Hearings Before the Committee on Agriculture and Forestry, United States Senate, Seventy-third Congress, Second Session on S. 2133, S. 2621, and S. 3064, Bills to Amend the Packers and Stockyards Act, 1921
Author: United States. Congress. Senate. Committee on Agriculture and Forestry
With Present Reference to the British Empire: in Letters Between a Statesman and a Colonist
Author: Edward Gibbon Wakefield
Publisher: Cambridge University Press
Edward Gibbon Wakefield (1796-1862) was a controversial colonial advocate and political theorist, who was the driving force behind the early colonization of New Zealand and South Australia. Barred from entering parliament after serving a three-year sentence in Newgate Prison, Wakefield read widely on contemporary economics and social questions, developing his influential theory of colonization. He formed the New Zealand Association in 1837 to create a new colony in that country, finally emigrating himself in 1852. This volume, first published in 1849, contains an explanation of Wakefield's philosophy of colonization. Writing in the form of letters to an anonymous statesman, Wakefield fully explores and discusses the social, political and economic aspects of his system of colonization, based on regulating emigration by fixing the price of land. Wakefield's ideas influenced early colonial economic policy in South Australia, and stimulated the development of later theories of colonization.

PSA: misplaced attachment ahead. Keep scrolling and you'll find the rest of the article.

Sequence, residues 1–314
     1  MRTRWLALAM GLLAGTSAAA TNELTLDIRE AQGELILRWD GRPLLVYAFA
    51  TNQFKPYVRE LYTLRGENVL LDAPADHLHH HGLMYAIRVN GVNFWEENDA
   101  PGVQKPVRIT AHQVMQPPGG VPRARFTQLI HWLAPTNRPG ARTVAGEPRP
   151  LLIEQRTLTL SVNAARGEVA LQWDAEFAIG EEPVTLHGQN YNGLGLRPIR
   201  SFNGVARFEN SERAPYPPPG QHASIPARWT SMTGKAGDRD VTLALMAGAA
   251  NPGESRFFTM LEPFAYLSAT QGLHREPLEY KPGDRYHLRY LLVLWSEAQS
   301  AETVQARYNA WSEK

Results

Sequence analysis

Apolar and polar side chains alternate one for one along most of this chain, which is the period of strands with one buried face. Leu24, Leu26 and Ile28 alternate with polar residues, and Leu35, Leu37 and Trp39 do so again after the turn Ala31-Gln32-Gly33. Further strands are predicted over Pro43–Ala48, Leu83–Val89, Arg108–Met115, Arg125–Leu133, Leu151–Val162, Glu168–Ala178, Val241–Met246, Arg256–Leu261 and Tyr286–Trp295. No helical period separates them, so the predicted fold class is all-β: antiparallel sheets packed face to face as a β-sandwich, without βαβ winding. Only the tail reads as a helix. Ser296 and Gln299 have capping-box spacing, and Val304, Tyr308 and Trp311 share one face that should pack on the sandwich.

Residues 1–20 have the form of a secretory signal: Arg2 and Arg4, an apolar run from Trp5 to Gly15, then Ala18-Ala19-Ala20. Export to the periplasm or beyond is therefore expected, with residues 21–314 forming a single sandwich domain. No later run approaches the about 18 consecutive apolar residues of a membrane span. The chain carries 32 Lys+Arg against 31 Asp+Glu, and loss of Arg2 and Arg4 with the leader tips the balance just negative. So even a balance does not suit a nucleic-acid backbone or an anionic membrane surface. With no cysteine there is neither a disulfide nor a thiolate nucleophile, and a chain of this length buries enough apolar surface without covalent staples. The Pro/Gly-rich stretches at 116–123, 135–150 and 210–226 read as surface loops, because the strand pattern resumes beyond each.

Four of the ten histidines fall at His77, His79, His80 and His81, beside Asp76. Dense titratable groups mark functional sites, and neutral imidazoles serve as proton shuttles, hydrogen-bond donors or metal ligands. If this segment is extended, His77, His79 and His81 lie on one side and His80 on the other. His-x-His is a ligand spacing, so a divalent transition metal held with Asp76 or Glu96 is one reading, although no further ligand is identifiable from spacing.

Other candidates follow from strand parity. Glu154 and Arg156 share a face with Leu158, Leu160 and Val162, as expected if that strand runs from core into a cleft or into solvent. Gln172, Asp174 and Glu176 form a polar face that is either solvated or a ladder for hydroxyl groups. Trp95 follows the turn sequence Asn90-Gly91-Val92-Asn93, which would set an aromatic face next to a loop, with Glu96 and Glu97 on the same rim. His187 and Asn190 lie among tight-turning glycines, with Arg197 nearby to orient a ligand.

This introductory, concise and non-technical approach to international economics deals with issues in the international environment which are of relevance to UK/European students, relating international economics to the European experience wherever it is appropriate to do so. The book is aimed at undergraduate students taking a course in international economics. As well as students specialising in economics, the book will be useful to students on business studies, management and social science programmes.